Multispecies Infrastructure: Infrastructural Inversion and Involutionary Entanglements in the Chao Phraya Delta, Thailand

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Friday, November 28th, 2014

Friday, November 28, 201412:00PM - 2:00PM208N, North House, Munk School of Global Affairs
1 Devonshire Place
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Reimagining the Asia Pacific; Constructing Asian Infrastructures: Politics, Poetics, Plans


The focus of this talk is a rather strange relationship between rice, water management infrastructure and farmers in the Chao Phraya Delta in Thailand. Floating rice is a type of rice that has the ability to grow its stem rapidly, keeping pace with the rise of the floodwater. Since the 1970s, the role of floating rice in water management infrastructure in the Chao Phraya Delta has increasingly attracted attention from government officials, area studies scholars and hydrologists. Morita will argue that this particular interspecies relation facilitates a reconsideration of the notion of infrastructure and its relationship with nature. Operating in the background of everyday activities, infrastructures often remain largely invisible to the actors that rely on them. However, unusual events such as breakdowns and accidents bring about what STS scholars have denoted “infrastructural inversion”, in which the workings of infrastructure become highly visible to people. In moments of infrastructural inversion, it has often become apparent that the water management infrastructure of the Chao Phraya Delta is entangled with floating rice cultivation. By following the travels of people, ideas and technologies, this talk traces how the concerned parties have delineated this multispecies infrastructure in moments of infrastructural inversion in partly overlapping and partly divergent ways. At the core of this multispecies infrastructure is an involutionary relation between farmers and rice species. In this relationship the care of farmers and the unpredictable variation of rice create a condition for the development and constant variation of divergent but mutually dependent ways of life in the watery environment of the delta.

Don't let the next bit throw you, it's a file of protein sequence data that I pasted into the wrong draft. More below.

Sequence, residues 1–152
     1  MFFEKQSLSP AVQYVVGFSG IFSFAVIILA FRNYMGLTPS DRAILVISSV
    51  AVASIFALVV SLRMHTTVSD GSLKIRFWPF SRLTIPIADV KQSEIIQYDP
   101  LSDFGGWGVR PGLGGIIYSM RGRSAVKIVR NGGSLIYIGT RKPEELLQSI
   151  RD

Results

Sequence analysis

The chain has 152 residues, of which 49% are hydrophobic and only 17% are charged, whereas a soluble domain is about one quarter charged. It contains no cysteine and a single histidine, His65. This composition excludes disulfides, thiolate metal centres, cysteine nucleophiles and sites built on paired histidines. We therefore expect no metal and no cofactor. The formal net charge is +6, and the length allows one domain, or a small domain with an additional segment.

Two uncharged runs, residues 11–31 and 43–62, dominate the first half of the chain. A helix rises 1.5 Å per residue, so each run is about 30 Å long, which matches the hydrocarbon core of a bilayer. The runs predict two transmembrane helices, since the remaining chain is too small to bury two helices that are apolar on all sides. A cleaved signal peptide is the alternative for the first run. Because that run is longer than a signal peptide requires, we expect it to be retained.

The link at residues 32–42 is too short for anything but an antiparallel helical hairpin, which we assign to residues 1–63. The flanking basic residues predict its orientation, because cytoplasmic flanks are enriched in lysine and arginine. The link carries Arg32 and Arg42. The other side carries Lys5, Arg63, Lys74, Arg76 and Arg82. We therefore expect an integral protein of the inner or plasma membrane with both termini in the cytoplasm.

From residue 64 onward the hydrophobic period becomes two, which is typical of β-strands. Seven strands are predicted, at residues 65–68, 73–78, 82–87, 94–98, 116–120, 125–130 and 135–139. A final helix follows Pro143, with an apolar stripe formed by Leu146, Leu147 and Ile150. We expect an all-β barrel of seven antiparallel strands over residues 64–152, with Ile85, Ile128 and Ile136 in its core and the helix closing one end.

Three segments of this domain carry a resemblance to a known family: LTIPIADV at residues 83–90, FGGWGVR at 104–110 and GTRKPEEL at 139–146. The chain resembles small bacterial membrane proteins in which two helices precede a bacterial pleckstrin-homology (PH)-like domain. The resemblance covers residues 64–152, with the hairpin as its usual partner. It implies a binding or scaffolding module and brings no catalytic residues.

Atsuro Morita teaches anthropology at Osaka University. He has done ethnographic research on technology development in Thailand focusing on how ideas, artifacts and people travel in and out Thailand. In his recent research on Environmental Infrastructures (funded by Japan Society for Promotion of Science), he studies the co-existence of heterogeneous components–including cosmological, scientific and multispecies ones–of water management infrastructures in the Chao Phraya Delta. The Environmental Infrastructures project ( is an international project based on collaboration between Japanese and Danish scholars, among others. The project is focusing on the intersections of a variety of practices in the making of infrastructures for knowing and managing environmental change.


Rachel Ostep


Atsuro Morita
Professor of Anthropology, School of Human Sciences, Osaka University

Main Sponsor

Dr. David Chu Program in Asia Pacific Studies


Asian Institute

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